Entering text into the input field will update the search result below

Recoveries Are Rarely Straight Lines

Neuberger Berman profile picture
Neuberger Berman


  • The consensus has been disturbed by inflation fears, raising worries about tighter monetary policy, higher bond yields and the interest rate sensitivity of equity markets.
  • When the primary cause of equity market volatility is rising rates, the traditional portfolio diversifiers, government bonds, are unlikely to offer protection.
  • At the start of the year, we were concerned about the level of short-term consensus even though we ultimately agreed with broad consensus views over the 12-month horizon of 2021.

By Erik L. Knutzen

We believe more volatility is likely, and think investors should diversify against it but also use it to lean into the new cycle.

As we came into 2021, two big things were on our minds in the Multi-Asset Class team.

The first was the risk inherent in the strong investor consensus for an early cycle recovery as economies reopened and stimulus gained traction.

The second was how this reminded us of the beginning of 2010, a year that started with post-crisis optimism and ended with global equities up by 10%, but also endured a 12% drawdown.


Over recent weeks, our first concern has been justified. The consensus has been disturbed by inflation fears, raising worries about tighter monetary policy, higher bond yields and the interest rate sensitivity of equity markets.

Once a consensus has been challenged, as it was in 2010 by the Eurozone crisis, volatility tends to follow. And while we have experienced some volatility, particularly in Treasuries and interest rate-sensitive large-cap growth stocks, at the stock market index level so far this year we have seen only a 3.5% drawdown at the end of January and a 4% drawdown since mid-February.

That's a long way from the swoons of 5% and 10%-plus that we got in 2010, and indeed the level of volatility the equity index option market is pricing for today. The CBOE S&P 500 Volatility Index (VIX), after several years at subdued levels, has priced for 20%-plus annualized U.S. equity volatility since its spike last March. That is consistent with the dips we saw in September and late October. Even accounting for the premium baked into option pricing, it implies that the market should anticipate similar 5 - 10% drawdowns still to come.

With that in mind, we think investors ought to

This article was written by

Neuberger Berman profile picture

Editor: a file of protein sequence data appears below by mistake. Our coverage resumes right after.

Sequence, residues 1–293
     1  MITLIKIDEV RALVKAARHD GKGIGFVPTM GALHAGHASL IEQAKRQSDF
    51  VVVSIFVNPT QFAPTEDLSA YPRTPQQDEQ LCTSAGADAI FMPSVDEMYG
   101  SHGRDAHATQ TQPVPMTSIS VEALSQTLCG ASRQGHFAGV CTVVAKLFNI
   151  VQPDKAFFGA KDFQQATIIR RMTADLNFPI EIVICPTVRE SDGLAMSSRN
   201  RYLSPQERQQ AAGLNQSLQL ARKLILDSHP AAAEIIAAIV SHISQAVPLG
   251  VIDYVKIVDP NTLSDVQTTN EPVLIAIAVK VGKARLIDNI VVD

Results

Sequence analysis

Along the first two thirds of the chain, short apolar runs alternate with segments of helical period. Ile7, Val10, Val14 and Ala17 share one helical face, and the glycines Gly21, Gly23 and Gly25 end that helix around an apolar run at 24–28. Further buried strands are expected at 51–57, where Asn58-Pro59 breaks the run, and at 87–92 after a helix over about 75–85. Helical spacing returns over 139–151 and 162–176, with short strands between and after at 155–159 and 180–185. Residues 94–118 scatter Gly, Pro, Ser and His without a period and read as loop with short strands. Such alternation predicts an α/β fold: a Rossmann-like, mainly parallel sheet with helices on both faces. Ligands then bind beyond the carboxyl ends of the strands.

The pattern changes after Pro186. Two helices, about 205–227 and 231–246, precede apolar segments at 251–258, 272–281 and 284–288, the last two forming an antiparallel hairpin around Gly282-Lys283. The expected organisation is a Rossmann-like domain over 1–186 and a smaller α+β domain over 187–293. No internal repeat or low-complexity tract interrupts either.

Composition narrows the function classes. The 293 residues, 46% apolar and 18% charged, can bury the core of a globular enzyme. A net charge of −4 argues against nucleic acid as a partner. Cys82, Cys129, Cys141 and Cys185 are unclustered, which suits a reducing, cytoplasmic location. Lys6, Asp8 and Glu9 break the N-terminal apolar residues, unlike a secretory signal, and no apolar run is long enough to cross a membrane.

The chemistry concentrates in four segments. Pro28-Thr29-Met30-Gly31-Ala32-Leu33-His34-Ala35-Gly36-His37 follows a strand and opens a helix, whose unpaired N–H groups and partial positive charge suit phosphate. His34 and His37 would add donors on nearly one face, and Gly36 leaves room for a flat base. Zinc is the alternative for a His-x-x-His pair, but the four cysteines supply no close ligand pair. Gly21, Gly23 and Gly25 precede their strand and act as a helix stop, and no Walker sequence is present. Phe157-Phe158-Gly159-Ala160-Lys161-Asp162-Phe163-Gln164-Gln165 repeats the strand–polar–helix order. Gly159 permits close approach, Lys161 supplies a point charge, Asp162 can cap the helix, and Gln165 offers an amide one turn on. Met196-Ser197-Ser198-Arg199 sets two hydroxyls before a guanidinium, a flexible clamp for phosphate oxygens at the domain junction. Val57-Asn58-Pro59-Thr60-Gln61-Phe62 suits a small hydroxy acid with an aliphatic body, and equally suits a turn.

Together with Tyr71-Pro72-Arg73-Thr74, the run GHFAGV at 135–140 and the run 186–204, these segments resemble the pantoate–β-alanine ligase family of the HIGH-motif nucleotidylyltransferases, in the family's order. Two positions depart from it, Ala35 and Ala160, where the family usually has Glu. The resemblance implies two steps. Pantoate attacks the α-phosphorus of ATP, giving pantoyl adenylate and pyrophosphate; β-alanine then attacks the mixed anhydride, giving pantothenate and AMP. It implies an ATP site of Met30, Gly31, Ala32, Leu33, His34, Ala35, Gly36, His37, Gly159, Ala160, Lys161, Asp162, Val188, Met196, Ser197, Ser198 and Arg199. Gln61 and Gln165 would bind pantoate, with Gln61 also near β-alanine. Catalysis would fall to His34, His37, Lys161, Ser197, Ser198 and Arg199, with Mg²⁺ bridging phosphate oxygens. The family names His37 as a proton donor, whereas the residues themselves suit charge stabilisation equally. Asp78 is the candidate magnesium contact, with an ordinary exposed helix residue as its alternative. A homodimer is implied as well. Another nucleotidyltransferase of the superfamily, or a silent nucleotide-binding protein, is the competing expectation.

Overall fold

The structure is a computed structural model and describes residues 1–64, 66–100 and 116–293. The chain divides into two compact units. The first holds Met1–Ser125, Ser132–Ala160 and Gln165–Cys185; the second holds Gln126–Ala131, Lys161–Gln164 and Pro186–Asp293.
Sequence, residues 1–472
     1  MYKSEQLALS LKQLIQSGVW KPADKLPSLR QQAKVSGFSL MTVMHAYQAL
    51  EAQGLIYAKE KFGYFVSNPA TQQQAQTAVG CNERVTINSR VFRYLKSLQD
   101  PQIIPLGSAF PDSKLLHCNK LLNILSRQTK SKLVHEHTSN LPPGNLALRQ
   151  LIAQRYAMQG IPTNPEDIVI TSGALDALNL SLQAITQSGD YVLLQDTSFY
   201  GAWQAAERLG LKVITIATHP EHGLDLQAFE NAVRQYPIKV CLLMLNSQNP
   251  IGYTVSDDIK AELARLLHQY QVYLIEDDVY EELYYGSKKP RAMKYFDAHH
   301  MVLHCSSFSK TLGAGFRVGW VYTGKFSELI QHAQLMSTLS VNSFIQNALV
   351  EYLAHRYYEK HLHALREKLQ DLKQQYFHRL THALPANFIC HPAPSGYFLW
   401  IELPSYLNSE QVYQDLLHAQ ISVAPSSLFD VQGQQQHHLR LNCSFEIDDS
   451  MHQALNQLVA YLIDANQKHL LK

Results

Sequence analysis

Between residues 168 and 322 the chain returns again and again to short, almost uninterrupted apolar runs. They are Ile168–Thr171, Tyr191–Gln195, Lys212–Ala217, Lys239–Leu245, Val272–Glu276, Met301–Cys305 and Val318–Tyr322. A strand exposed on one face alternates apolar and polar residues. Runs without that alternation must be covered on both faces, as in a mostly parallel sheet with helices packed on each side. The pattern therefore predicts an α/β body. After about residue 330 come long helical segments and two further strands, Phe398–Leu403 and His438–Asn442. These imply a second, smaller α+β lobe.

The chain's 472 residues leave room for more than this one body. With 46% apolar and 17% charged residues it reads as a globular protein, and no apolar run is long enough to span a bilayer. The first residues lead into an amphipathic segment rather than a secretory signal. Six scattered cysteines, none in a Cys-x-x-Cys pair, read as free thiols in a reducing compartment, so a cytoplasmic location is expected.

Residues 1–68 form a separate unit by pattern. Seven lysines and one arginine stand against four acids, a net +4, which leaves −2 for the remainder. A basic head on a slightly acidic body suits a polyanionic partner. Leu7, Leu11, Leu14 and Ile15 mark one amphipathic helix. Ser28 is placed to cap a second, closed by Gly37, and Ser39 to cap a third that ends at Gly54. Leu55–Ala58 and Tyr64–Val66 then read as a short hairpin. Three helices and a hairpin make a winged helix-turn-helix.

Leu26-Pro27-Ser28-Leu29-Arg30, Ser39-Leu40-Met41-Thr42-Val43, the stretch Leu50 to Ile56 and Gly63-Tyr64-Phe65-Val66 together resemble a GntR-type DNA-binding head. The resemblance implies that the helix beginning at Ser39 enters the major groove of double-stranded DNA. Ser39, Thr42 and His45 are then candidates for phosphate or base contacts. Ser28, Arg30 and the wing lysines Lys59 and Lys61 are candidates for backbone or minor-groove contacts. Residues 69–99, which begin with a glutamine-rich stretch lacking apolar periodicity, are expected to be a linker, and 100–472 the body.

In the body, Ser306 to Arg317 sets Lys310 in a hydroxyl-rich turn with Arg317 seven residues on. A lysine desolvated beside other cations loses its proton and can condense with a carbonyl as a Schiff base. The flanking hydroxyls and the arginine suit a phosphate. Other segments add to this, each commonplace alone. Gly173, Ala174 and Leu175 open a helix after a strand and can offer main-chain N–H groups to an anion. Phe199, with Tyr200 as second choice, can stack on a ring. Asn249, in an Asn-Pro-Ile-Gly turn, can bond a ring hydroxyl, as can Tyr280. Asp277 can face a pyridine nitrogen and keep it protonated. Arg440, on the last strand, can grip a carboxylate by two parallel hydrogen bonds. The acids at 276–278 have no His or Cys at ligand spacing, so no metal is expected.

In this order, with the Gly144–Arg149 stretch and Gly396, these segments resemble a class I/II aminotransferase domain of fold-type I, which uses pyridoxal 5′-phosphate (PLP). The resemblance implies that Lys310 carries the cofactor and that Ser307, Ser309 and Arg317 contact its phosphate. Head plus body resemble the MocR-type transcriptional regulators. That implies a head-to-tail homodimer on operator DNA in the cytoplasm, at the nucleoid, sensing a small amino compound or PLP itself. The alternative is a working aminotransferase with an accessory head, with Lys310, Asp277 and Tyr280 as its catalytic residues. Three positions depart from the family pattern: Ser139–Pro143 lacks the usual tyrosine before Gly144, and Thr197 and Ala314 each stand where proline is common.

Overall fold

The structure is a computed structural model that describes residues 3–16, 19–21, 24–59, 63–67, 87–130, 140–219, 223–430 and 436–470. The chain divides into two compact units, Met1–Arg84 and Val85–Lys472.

Neuberger Berman, founded in 1939, is a private, independent, employee-owned investment manager. The firm manages a range of strategies—including equity, fixed income, quantitative and multi-asset class, private equity and hedge funds—on behalf of institutions, advisors and individual investors globally. With offices in 23 countries, Neuberger Berman’s team is more than 2,100 professionals. For five consecutive years, the company has been named first or second in Pensions & Investments Best Places to Work in Money Management survey (among those with 1,000 employees or more). Tenured, stable and long-term in focus, the firm has built a diverse team of individuals united in their commitment to delivering compelling investment results for our clients over the long term. That commitment includes active consideration of environmental, social and governance factors. The firm manages $323 billion in client assets as of March 31, 2019. For more information, please visit our website at www.nb.com.For important disclosures: https://www.nb.com/disclosure-global-communications  Contact Us: Advisor Solutions (877) 628-2583 advisor@nb.com RIA & Family Office (888) 556-9030 riadesk@nb.com

Recommended For You

Comments (1)

Good article. Agree, while the market is rearranging there could be a lot of volatility which is multiplied buy the excess of liquidity. Some of these fluctuation could be very destructive if enter in resonance with bad news
Disagree with this article? Submit your own. To report a factual error in this article, . Your feedback matters to us!
To ensure this doesn’t happen in the future, please enable Javascript and cookies in your browser.
Is this happening to you frequently? Please report it on our feedback forum.
If you have an ad-blocker enabled you may be blocked from proceeding. Please disable your ad-blocker and refresh.